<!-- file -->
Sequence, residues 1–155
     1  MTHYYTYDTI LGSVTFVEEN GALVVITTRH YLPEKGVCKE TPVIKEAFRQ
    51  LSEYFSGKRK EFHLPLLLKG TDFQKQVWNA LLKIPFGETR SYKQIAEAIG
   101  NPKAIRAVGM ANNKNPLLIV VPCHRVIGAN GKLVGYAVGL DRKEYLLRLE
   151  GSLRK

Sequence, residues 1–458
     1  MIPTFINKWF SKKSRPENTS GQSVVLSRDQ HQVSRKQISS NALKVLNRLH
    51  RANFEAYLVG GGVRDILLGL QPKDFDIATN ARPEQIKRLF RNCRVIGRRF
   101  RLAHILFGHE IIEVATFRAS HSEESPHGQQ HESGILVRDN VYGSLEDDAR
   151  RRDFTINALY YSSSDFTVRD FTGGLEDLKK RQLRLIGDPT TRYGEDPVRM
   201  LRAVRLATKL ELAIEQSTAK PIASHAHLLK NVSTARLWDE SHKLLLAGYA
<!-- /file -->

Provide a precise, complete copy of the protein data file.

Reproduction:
Sequence, residues 1–155
     1  MTHYYTYDTI LGSVTFVEEN GALVVITTRH YLPEKGVCKE TPVIKEAFRQ
    51  LSEYFSGKRK EFHLPLLLKG TDFQKQVWNA LLKIPFGETR SYKQIAEAIG
   101  NPKAIRAVGM ANNKNPLLIV VPCHRVIGAN GKLVGYAVGL DRKEYLLRLE
   151  GSLRK

Sequence, residues 1–458
     1  MIPTFINKWF SKKSRPENTS GQSVVLSRDQ HQVSRKQISS NALKVLNRLH
    51  RANFEAYLVG GGVRDILLGL QPKDFDIATN ARPEQIKRLF RNCRVIGRRF
   101  RLAHILFGHE IIEVATFRAS HSEESPHGQQ HESGILVRDN VYGSLEDDAR
   151  RRDFTINALY YSSSDFTVRD FTGGLEDLKK RQLRLIGDPT TRYGEDPVRM
   201  LRAVRLATKL ELAIEQSTAK PIASHAHLLK NVSTARLWDE SHKLLLAGYA